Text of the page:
previous next

[28] This was the time for the games that the ædile Critonius was about to exhibit, and Octavius made preparations to display his father's gilded throne and crown, which the Senate had voted should be placed in front for him at all games. When Critonius said that he could not allow Cæsar to be honored in this way at games given at his expense, Octavius brought him before Antony as consul. Antony said he would refer the matter to the Senate. Octavius was vexed and said, "Refer it; I will place the throne there as long as the decree is in force." Antony was angry and prohibited it. He prohibited it still more unreasonably in the next games given by Octavius himself, which had been instituted by his father in honor of Venus Genetrix when he dedicated a temple to her in a forum, together with the forum itself. It was evident that universal hatred of Antony had already grown out of this affair, since he seemed to be moved not so much by a feeling of rivalry toward the younger Cæsar as by an ungrateful purpose to insult the memory of the elder one. Octavius himself, with a crowd of people like a body-guard, moved about among the plebeians and those who had received benefits from his father, or had served under him in war, stirring their anger and beseeching them not to despise him, the victim of so many and so great outrages, nor willingly desert him, but to defend Cæsar, their commander and benefactor, dishonored by Antony; to defend him for their own sakes, because they would never be secure in what they had received from Cæsar unless the decrees passed in his honor should remain in full force. He exclaimed against Antony everywhere throughout the city, and especially from the high places that he came to, saying, " O Antony, do not be angry with Cæsar on my account. Do not insult one who has been the greatest benefactor to you. Heap indignities on me to your heart's content. Cease plundering his property until the legacy to the citizens is paid; then take all the rest. However poor I may be, my father's glory, if that remains, and the distribution to the people, if you will allow it to be made, will be all-sufficient for me."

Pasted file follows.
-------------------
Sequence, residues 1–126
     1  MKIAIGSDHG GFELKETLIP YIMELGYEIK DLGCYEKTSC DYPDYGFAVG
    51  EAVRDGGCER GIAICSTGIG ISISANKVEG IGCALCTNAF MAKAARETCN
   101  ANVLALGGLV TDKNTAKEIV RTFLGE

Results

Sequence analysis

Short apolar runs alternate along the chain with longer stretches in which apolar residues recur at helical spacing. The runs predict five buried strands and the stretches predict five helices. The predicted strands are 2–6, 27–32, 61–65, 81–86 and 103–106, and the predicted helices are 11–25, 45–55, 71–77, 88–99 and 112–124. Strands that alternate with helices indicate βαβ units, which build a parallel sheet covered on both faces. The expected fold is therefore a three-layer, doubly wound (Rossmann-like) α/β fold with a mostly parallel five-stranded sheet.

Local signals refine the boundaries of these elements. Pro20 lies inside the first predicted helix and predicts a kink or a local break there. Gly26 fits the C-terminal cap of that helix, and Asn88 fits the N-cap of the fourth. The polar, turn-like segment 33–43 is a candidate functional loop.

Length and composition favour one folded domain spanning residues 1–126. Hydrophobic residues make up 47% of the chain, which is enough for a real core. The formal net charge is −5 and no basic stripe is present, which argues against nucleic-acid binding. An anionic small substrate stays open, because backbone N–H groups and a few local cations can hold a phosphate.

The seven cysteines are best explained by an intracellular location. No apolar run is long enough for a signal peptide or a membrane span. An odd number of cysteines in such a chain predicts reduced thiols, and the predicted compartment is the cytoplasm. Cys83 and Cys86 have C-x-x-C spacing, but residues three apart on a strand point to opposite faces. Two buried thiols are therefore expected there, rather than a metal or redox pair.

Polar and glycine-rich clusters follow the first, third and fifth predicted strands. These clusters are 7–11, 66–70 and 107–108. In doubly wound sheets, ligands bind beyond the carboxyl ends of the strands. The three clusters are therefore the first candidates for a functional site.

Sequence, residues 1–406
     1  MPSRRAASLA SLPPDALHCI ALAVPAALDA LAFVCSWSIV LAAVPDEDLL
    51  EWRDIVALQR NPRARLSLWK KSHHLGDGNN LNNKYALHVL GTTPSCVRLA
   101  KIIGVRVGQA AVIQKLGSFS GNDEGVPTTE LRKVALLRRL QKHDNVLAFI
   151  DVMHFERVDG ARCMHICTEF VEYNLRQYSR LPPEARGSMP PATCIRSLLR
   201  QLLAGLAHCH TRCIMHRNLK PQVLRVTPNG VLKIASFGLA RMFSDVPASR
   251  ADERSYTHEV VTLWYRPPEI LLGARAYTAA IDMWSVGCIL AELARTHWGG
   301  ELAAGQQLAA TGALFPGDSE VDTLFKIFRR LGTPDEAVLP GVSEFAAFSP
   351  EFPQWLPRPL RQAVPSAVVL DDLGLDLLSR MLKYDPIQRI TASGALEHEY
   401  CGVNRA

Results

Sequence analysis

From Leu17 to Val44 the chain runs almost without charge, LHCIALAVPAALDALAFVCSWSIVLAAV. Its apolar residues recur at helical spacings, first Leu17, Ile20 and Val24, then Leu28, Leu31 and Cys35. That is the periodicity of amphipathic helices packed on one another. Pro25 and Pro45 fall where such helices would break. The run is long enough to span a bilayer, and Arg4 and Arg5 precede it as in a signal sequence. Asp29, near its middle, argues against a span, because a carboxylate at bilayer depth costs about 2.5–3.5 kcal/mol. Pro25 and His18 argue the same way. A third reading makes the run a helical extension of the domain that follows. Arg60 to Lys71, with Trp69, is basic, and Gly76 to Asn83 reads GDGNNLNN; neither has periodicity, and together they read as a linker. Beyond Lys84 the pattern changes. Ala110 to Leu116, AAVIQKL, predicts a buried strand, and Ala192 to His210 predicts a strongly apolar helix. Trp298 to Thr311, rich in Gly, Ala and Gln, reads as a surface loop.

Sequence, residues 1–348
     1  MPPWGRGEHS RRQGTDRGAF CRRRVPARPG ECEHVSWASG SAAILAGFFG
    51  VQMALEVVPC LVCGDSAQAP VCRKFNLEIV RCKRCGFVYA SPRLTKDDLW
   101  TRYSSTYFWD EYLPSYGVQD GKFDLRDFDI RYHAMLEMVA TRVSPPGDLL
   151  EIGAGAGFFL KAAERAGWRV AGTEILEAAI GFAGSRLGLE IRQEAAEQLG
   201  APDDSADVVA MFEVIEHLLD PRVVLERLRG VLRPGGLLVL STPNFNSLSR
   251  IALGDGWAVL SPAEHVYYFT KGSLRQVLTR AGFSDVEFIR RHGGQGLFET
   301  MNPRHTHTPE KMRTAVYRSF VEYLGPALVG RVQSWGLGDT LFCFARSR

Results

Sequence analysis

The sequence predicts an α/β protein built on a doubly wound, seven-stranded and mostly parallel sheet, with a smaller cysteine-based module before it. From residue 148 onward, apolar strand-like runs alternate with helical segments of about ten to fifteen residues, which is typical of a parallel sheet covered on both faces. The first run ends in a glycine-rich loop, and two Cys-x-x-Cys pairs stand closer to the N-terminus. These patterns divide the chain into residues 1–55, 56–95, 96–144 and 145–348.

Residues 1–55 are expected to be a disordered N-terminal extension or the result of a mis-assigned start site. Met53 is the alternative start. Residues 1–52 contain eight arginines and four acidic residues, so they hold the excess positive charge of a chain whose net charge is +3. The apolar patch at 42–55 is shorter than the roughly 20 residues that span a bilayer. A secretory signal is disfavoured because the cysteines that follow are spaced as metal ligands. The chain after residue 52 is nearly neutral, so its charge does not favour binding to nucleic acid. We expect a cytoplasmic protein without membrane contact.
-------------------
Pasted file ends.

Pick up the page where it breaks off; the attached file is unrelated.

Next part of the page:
Creative Commons License
This work is licensed under a Creative Commons Attribution-ShareAlike 3.0 United States License.

An XML version of this text is available for download, with the additional restriction that you offer Perseus any modifications you make. Perseus provides credit for all accepted changes, storing new additions in a versioning system.

load focus Greek (L. Mendelssohn, 1879)
hide Places (automatically extracted)

View a map of the most frequently mentioned places in this document.

Download Pleiades ancient places geospacial dataset for this text.

hide References (1 total)
hide Display Preferences
Greek Display:
Arabic Display:
View by Default:
Browse Bar: